Biological Health Risks and Economic Development
NBER Working Paper No. 21277
With populations aging and the epidemic of obesity spreading across the globe, global health risks are shifting toward non-communicable diseases. Innovative biomarker data from recently conducted population-representative surveys in lower, middle and higher income countries are used to describe how four key biological health risks – hypertension, cholesterol, glucose and inflammation – vary with economic development and, within each country, with age, gender and education. As obesity rises in lower income countries, the burden of non-communicable diseases will rise in roughly predictable ways and the costs to society are potentially very large. Investigations that explain cross-country differences in these relationships will have a major impact on advancing understanding of the complex interplay between biology, health and development.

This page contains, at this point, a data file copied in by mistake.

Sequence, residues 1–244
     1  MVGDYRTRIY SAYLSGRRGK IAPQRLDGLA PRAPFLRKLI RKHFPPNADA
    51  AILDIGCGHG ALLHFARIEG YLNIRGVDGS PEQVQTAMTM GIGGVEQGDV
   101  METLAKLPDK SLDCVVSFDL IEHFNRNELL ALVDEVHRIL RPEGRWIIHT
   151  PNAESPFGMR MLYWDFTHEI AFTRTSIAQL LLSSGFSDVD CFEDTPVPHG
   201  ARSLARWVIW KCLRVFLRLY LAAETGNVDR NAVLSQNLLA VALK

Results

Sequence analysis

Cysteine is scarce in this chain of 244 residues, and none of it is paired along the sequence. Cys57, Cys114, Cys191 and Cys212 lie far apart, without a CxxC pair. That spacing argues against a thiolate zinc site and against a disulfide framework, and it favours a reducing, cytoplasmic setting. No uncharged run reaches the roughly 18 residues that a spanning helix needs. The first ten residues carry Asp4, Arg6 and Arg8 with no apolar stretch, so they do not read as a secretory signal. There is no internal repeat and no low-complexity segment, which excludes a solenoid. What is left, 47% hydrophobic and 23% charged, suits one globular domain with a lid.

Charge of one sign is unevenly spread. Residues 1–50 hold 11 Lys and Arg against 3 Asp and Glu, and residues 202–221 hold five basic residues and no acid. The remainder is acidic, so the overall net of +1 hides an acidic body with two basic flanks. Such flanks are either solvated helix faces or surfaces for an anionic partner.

Document Object Identifier (DOI): 10.3386/w21277
Published: "Biological health risks and economic development." in John Komlos and Inas Rashad Kelly (eds.) The Oxford Handbook of Economics and Human Biology, Oxford University Press, 2016
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